Family: (Charadriidae) Plovers and Lapwings
Preferred Habitat: Beaches and mudflats.
Seasonal Occurrence: Common fall through spring. Lesser numbers in the summer.
Notes by Richard Gibbons: The Semipalmated Plover is a small shorebird with a short stubby bill, round head, and orange legs. This plover has a single dark complete breast band. This band lightens but is still present in the winter, which helps distinguish it from other species of small plover. Breeding birds have a black cap and a distinctly two-toned black and orange bill.
Although they occur in similar habitats, plovers are not considered a type of sandpiper. Plovers have rounder heads and shorter bills than sandpipers and have a much different foraging style. Semipalmated Plovers like other plovers use a “stop and go” foraging strategy across sandy or muddy substrate on shorelines. They move from one spot to another picking small invertebrates off of the surface; this is unlike the “probing” that sandpipers do when they forage.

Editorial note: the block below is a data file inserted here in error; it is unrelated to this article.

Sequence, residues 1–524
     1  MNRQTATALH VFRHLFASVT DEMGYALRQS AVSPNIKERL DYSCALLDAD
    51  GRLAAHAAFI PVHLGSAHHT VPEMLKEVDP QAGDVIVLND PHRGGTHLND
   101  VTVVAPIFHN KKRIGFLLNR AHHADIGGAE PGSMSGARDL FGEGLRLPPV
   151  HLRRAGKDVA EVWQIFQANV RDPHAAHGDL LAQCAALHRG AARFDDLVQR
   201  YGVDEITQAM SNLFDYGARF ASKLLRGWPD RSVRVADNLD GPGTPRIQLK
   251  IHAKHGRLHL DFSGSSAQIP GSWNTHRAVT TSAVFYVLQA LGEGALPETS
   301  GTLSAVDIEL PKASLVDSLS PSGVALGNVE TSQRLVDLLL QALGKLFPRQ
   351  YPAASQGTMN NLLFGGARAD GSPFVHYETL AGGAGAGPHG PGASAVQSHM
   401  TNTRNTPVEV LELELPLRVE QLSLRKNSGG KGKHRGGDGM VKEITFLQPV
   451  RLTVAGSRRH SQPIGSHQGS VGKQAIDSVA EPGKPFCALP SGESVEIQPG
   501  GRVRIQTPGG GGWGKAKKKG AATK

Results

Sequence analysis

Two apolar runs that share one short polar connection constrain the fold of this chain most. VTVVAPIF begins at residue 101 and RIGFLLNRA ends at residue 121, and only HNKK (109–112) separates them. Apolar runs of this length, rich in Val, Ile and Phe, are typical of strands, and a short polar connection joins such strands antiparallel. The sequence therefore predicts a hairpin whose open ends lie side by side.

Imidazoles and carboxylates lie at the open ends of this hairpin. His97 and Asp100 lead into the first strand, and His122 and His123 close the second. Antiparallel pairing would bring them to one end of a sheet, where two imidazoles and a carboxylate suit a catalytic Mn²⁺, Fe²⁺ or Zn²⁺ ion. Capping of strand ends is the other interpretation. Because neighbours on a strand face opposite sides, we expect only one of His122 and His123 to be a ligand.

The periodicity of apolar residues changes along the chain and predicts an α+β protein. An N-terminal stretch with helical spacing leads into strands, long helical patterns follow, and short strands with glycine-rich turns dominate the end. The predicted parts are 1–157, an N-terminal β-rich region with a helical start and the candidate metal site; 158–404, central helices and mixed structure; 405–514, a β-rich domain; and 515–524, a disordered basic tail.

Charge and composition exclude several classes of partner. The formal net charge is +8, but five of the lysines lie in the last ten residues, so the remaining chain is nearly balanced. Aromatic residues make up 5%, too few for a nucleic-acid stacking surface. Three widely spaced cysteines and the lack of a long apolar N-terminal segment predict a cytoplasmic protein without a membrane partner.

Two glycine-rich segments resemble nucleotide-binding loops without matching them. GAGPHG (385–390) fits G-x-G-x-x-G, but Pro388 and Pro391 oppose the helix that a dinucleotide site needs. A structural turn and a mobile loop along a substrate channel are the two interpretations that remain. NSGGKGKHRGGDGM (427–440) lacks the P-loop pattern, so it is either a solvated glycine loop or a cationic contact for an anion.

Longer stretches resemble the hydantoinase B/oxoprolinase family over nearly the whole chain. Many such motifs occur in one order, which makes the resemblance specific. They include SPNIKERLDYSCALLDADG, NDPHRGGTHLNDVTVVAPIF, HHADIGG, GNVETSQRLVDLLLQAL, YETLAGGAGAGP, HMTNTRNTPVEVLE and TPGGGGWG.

Semipalmated Plovers breed in the arctic of Canada and Alaska. Unlike many North American shorebird species, Semipalmataed Plovers do not nest in the tundra habitat of the arctic, instead looking for gravelly substrate on river banks or around ponds. This sort of substrate conceals them and their eggs well from predators. Nests are small scrapes made on the ground sometimes lined with small twigs; nests typically contain 4 eggs that are incubated by both sexes for 23-25 days. Semipalmated plover numbers are very stable and possibly even increasing, this is in stark contrast to their close relatives the Snowy Plover and Piping Plover which are heavily managed throughout North America because of their significant declines due to nesting habitat loss.
During migration, Semipalmated Plovers are seen in every state across the continental U.S; they winter along the Pacific, Atlantic, and Gulf Coasts of the U.S. and Mexico. Dozens of Semipalmated plovers winter at our Bolivar Flats Shorebird Sanctuary.